10...e5!? A new move, and an ambitious, but also a somewhat risky try. I remembered that after 10...e6 Black is slightly better, but I was a bit afraid that White may equalise with 11.0-0 Be7 12.c5! bringing his knight to c4. I must add, however, that after 12...b5! 13.cxb6 axb6 14.Nc4 Qc7 Black remains slightly better. 11.0-0. 11.dxe5!? Was at least an alternative, but somehow we both were not really considering it. 11...Nd3+ (11...0-0-0!?) 12.Bxd3 Bxd3 Seems to be very good for Black, but White has (12...Qxd3 is also possible. Black has compensation, but White is a pawn up.) 13.Qb3!, which I missed, with idea to castle long. 11...exd4. I didn't like 11...0-0-0 because of 12.d5! 12.Qxd4? From now on White has to suffer in a horrible endgame with the dead knight on a3. 12.Bxd4 was much better. Black has a choice, but in any case the position remains ballanced. 12...0-0-0 was the most logical follow-up, but here (The slow 12...b6!? is a good option, followed by long castle.) 13.Bxa7 Qe6 14.Qe1! (14.Qa4 Qxe2 15.Bb6 Na6 16.Bxd8 Bxa3! was what I has calculated.) 14...Nd3 does not win any material since after 15.Bxd3 Bxd3 Black has the intermezzo 16.Qxe6+ and the rook will move to c1. However, Black will have some compensation, due to his bishop pair and again, that knight on a3. 12...Qxd4 13.Bxd4








13...0-0-0?! This is in fact a mistake, but it was hard not to make such a move. 13...b6!?; 13...f6! was my original intention and was a good move, but I had failed to see that after 14.Bh5+!? I can simply move my king to c7 via d7 or d8. 14...Kd7 15.Rfd1 Kc7 with advantage. 14.Rfd1? 14.Bxa7! has to be tried, no matter what. I had planned 14...Rd2 15.Rfe1 Rxb2 16.c5! Be6! winning the a2 pawn. However White has 17.Nc4 Rxa2 18.Nb6+ Kd8 19.Nc4! and black probably has to repeat, since White is ready to start some kind of attack on the black king. 14...b6! 15.Bf3 f6!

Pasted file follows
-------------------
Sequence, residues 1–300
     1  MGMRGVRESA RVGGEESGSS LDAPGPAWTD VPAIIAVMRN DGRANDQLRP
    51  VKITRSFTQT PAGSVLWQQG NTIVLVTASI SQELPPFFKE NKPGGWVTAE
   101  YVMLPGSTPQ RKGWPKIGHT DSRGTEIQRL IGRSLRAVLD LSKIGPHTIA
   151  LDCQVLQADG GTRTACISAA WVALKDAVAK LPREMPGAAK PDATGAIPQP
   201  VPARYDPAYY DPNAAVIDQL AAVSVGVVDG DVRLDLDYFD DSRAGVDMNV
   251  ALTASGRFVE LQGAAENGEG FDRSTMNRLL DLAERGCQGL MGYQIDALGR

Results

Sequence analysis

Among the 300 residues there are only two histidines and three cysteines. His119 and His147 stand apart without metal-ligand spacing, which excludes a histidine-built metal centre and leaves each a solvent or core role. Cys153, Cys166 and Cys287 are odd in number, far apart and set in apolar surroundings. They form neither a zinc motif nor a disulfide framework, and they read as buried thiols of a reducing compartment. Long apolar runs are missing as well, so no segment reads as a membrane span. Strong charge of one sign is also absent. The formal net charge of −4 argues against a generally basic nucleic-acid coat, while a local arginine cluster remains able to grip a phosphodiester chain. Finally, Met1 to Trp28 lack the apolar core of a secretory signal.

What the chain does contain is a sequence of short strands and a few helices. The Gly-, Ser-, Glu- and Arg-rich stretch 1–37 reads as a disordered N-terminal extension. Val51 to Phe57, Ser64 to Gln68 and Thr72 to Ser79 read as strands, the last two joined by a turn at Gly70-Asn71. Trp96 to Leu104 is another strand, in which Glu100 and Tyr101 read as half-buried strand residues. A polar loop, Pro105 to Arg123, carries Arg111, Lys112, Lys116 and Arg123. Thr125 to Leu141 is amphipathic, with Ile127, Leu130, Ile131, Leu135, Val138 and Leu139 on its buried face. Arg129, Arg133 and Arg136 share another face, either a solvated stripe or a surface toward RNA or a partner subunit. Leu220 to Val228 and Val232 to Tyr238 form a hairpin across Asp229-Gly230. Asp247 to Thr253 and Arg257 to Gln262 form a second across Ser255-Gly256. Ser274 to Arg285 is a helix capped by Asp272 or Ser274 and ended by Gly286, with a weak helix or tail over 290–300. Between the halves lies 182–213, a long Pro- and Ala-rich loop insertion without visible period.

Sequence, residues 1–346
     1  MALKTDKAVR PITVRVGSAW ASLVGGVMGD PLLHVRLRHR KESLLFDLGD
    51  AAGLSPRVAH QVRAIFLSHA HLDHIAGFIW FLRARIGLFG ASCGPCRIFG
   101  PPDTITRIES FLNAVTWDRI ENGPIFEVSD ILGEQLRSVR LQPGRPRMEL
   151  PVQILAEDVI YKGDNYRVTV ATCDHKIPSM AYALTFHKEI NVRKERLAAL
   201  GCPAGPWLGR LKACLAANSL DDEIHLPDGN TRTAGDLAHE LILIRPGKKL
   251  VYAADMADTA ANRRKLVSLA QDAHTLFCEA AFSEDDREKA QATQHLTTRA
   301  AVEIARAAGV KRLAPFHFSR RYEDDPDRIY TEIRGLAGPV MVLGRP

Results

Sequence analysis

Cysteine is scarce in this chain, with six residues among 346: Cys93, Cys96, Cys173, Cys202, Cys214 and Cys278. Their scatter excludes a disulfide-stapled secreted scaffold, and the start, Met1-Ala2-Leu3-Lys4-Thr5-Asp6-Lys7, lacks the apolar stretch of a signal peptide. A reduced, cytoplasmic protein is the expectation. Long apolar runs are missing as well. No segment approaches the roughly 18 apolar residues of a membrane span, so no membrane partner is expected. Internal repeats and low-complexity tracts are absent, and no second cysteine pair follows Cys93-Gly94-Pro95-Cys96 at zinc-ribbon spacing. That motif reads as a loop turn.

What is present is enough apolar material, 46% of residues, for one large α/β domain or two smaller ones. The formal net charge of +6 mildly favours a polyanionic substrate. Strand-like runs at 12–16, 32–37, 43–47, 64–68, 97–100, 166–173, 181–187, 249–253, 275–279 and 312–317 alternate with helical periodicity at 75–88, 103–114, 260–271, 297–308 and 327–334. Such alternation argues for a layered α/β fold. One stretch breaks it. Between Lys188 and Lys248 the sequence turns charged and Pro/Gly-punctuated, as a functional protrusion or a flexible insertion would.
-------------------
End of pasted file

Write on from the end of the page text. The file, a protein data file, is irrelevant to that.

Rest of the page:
With the last two moves Black has killed all White's ideas, and now is ready to pick up the a2 pawn, which is doomed. 16.Be3 Bc5! 17.Bxc5 bxc5. It is clear that doubled pawns are not a weakness here, but a strength, since they control the important squares. 18.Rxd8+ Rxd8 19.Rd1 giving the a2 pawn, which would be lost anyway. 19...Rd4! The simple 19...Rxd1+ 20.Bxd1 Nxa2 is also possible, but I wanted to leave White no chances. 20.Kf1 Kd7 21.Ke2 Kd6 22.Ke3 Ke5 23.g3








23...Nxa2. Now that White can't get his knight into the game I pick up the pawn. 24.Be2 g5! 25.f3 Nb4 26.Rf1 Bd3! 27.Rf2 a5 28.h3 f5 29.f4+ gxf4+ 30.gxf4+ Kf6 31.Bf3 Bxc4








Taking the second pawn. The rest is clear. 32.Nxc4 Rxc4 33.Rd2 Ke6 34.Rd8 Nd5+ 35.Kf2 Rxf4 36.Rh8 Nf6 37.Rc8 Kd7 38.Rf8 Ke7 39.Rc8 Nd7 40.Kg3 Rb4 41.Bxc6 Ne5 42.Bd5 h5! The last touch. 43.Rxc5 h4+ 44.Kg2 Rxb2+ 45.Kf1 a4 46.Ra5 Rb4 47.Ke2 Kf6 48.Bg8 Re4+ 49.Kf2 Kg5 50.Bh7 Kf4 51.Ra6 Nd3+ 52.Kg2 Re2+ 53.Kg1 Re7








Now the point is that after Rxa4 I play Kg3 threatening both, mate and the bishop. 53...Kg3 would mate, but I saw the win already some six moves ago, so I played without thinking. 0-1. [Click to replay]


Anish on the train back home – to see his parents and sisters for the first time in three weeks

Links